However, the adoption of more advanced trading technologies in FX is a challenge, particularly since in many cases FX was traditionally traded as a side-effect of transactions in other asset classes. K&KGC research indicates that the majority of buy-side firms have not yet adopted FX trading algorithms.
Some firms do use electronic venues such as FXall and others. According to Fleur, it’s partly a question of mentality.
“There needs to be a change in behaviour before it becomes successful, as the buy side moves to become liquidity provider rather than pure liquidity taker,” he said. “This is why we are using algos because roughly 70% of what we do is nonaggressive, meaning we post liquidity to different cut-offs. It’s a change in attitude.”
There has been much talk in recent years of ever-increasing automation and the relative decline of high-touch services. Despite the focus on trading low-touch, PGGM does not believe that executing electronically is the best choice. In some circumstances, especially with lower sized orders, other options may be preferable. The essential argument comes down to the cost versus the benefit of transacting
“If I have to transact $5 million, there’s no need to have the algo execute because the time it takes to implement and the risk you run in the meantime is higher than the .00001 spread I have to cross,” said Fleur. “Best execution is a process, not a best price, measured over a longer term, to decide who you trade with. Best execution is about evidence.”
One of the major challenges for traders in all asset classes in Europe and worldwide is the need to adapt to new regulation, including but not limited to MiFID II, Basel III and EMIR as well as Dodd-Frank in the US and local initiatives in individual countries.
In Europe, much of the European Commission’s efforts in recent years have been focused on improving transparency. Yet despite this push, one of the most critical components of a transparent market – the creation of a consolidated tape – has not been achieved.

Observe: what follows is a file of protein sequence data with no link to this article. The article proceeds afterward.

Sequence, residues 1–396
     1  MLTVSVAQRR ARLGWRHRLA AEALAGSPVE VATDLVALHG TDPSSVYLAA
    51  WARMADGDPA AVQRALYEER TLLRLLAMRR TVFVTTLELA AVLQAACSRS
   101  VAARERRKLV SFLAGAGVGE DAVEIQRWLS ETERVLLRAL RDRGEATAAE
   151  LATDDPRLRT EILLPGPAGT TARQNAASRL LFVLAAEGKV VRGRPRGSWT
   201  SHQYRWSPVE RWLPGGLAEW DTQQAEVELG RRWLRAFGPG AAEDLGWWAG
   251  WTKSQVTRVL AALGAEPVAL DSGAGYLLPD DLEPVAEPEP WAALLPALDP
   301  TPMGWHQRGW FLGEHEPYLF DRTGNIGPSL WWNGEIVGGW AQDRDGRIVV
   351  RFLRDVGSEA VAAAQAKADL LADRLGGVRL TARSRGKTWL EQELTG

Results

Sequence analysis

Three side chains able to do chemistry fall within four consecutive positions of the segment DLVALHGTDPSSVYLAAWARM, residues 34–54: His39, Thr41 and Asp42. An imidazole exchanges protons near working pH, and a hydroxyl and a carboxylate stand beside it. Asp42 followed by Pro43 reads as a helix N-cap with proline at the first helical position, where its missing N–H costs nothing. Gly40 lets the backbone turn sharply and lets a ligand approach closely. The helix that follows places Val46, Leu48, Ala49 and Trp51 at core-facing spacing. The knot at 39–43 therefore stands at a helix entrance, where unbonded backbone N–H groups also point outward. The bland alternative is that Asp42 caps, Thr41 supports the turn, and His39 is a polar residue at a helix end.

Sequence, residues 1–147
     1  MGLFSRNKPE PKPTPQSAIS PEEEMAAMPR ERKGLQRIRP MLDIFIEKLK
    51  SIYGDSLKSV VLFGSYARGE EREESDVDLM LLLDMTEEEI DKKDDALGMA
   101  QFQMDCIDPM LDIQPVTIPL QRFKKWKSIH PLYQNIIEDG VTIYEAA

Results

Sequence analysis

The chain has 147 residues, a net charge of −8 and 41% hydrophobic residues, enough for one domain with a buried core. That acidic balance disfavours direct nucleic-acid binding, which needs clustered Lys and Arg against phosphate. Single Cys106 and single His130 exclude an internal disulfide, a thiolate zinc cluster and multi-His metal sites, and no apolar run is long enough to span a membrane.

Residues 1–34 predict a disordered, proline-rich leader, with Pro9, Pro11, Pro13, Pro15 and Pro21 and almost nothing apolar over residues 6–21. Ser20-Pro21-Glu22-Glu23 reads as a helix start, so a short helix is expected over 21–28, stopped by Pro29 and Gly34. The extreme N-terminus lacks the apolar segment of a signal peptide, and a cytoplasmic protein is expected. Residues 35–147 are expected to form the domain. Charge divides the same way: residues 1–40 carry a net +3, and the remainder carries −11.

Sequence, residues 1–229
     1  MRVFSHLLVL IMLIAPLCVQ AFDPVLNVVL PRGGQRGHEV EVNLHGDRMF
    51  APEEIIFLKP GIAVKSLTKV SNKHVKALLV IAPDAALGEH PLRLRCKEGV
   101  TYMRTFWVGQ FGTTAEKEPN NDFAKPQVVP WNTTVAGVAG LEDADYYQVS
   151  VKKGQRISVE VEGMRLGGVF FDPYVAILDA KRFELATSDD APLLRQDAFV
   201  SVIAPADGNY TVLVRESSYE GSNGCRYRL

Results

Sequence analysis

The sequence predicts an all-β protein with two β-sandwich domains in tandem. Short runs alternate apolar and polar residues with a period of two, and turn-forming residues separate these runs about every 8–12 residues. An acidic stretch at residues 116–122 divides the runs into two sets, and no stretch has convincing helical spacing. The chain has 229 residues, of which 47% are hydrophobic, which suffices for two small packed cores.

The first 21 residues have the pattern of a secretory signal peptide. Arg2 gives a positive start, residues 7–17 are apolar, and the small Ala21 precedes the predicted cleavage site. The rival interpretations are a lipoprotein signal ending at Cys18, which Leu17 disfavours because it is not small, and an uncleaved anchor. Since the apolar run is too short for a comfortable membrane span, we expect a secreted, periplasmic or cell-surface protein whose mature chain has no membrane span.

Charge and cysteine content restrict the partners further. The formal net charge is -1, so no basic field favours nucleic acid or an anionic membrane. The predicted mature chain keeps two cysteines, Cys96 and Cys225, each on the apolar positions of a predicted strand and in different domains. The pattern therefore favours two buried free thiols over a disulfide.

“I’ve been pushing to create a consolidated tape which helps you not only with TCA but to create transparency around where the market is”said Fleur. “It should be created by enforcing an obligation for every market participant to give up their transactions which already happens of course in the forward space under EMIR. But the bigger liquidity providers are holding back because they don’t want to disclose information.”
Regulation is often seen as a cost or a burden which market participants have to endure. In some contexts, principles such as greater transparency are praised, while in others, draconian requirements and poorly thought out plans within MIFID II have been criticised.
“People are afraid of change because it’s new and unknown,” he added.“I try to look at the upside of what new regulation can bring, rather than look at what it costs me to do so. To me, best execution or MiFID II should be part of a logical framework, for example not only the transparency and implementation of transaction reporting, but what is the intention of transaction reporting? Transparency. So, you build a scalable model which can be reusable in the future when the next new regulatory framework comes around.”